Implant Salvage in Patients With Severe Post-Fracture Fixation Surgical Site Infection Using Negative Pressure Wound Therapy With Intramedullary and Subcutaneous Antibiotic Perfusion

Keisuke Shimbo, MD, PhD; Tatsuhiko Saiki, MD; Haruka Kawamoto; Isao Koshima


Wounds. 2022;34(6):e47-e51. 

In This Article

Case Report

The use of NPWT with intramedullary and subcutaneous antibiotic perfusion is a 2-stage procedure that consists of surgical debridement and flap reconstruction. Written informed consent was obtained from both patients presented in this report.

Surgical Debridement

The previous skin incision is reopened and, if necessary, the incision is enlarged to expose the infected site. Infected tissues are debrided to preserve the orthopedic implant, and the wound is irrigated with copious saline. A double-lumen tube (16 Fr Salem Sump Silicone Tubes; Cardinal Health) is placed as deep as possible into the wound, near the implant. A 2.4-mm Kirschner wire is used to create a hole in the cortical bone along the implant fixation area, after which 2 bone marrow needles (Tohoku University bone marrow puncture needle; Senko Medical Instrument Manufacturing Co. Ltd.) are inserted. Antibiotics should be selected in accordance with the results of bacterial culture. For instance, gentamicin solution (50 mL total [60 mg of gentamicin per milliliter of 0.9% saline solution]) is continuously administered at a rate of 2 mL per hour through the bone marrow needles and double-lumen tubes as intramedullary and subcutaneous perfusions, respectively. A black foam sponge is placed within the wound and then connected to an NPWT device (RENASYS TOUCH; Smith + Nephew) through a Y-connector, in conjunction with the double-lumen tube (Figure 1A). Continuous negative pressure is set at −80 mm Hg.

Figure 1.

Illustrations of the serial technique. (A) NPWT with intramedullary and subcutaneous antibiotic perfusion after surgical debridement. (B) Incisional NPWT with intramedullary and subcutaneous antibiotic perfusion after flap reconstruction.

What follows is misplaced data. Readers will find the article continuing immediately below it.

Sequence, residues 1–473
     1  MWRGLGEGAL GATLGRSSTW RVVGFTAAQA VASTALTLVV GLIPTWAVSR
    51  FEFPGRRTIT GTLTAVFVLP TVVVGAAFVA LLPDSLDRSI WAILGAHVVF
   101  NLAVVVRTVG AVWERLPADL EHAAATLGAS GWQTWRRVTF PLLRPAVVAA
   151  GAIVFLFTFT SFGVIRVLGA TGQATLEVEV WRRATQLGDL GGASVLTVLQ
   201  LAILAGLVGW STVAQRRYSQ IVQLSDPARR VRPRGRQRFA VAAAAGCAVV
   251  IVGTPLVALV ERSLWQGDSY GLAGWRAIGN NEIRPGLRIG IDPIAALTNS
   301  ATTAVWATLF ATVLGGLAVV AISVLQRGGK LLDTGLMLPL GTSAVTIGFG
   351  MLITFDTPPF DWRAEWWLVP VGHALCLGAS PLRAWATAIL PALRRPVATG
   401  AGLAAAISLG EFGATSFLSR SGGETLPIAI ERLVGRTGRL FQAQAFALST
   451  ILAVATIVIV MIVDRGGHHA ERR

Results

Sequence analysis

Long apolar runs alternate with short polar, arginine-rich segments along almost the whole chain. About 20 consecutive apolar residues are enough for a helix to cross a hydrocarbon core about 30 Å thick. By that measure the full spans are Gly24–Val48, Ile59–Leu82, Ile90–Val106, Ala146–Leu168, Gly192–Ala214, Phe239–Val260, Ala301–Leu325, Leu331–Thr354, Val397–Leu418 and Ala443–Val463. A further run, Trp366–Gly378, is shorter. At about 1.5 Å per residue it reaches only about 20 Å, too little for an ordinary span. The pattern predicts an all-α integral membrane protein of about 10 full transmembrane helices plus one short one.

Abbreviation: NPWT, negative pressure wound therapy.

The aforementioned procedure is similar to that described by Himeno et al.[10] The black foam sponge and double-lumen tube are replaced after approximately 5 days. The patient undergoes NPWT with intramedullary and subcutaneous antibiotic perfusion for approximately 1 to 2 weeks, until granulation tissue forms in the wound and inflammation subsides, as confirmed with a blood test (eg, C-reactive protein level).

Flap Reconstruction

After wound debridement, a free musculocutaneous or fasciocutaneous flap is transferred to the wound. After microvascular anastomosis is performed, the double-lumen tube is placed under the flap and the bone marrow needles are inserted into the bone marrow. The black foam sponge is placed along the edges of the flap and connected to the NPWT device through the Y-connector, in conjunction with the other double-lumen tube (Figure 1B). The double-lumen tube and bone marrow needles are removed approximately 5 days postoperatively.


The authors of this case report applied surgical debridement and flap reconstruction followed by NPWTi-d to 2 patients with abscess collections due to SSI after either tibial or calcaneal open fracture fixation using titanium plates. The infected wound of the lower leg involved a deep dead space that reached the crural interosseous membrane, whereas the heel wound was accompanied by a subcutaneous pocket. The debrided wounds of the lower leg and heel were reconstructed with free latissimus dorsi musculocutaneous and anterolateral thigh fasciocutaneous flaps, respectively, to preserve the titanium plates. In both patients, the wounds healed without complications and remained healed after more than 7 months following treatment. Figures 2, 3, and 4 show photographs of the lower leg wound in a 59-year-old male before and after treatment.

Figure 2.

A 59-year-old male presented with severe SSI after tibial fracture fixation. (A) Preoperative photograph taken 27 days after initial fracture fixation. The wound was necrotic, with an abscess at the incision site. (B) Photograph taken after surgical debridement. The yellow arrows point to bone marrow needles. (C) Preoperative anteroposterior radiograph of the right leg; the radiograph was obtained at the same time as the panel A photograph was captured.

Figure 3.

Eleven days after the first surgical debridement. (A) Photograph taken before flap reconstruction. (B) Photograph taken after free latissimus dorsi musculocutaneous flap reconstruction. In both panels, the yellow arrow points to the double-lumen tube.

Figure 4.

Seven months after the flap reconstruction procedure. (A) Postoperative anterior photograph of the lower legs. (B) Postoperative lateral photograph ofthe right leg. (C) Postoperative anteroposterior radiograph of the right leg.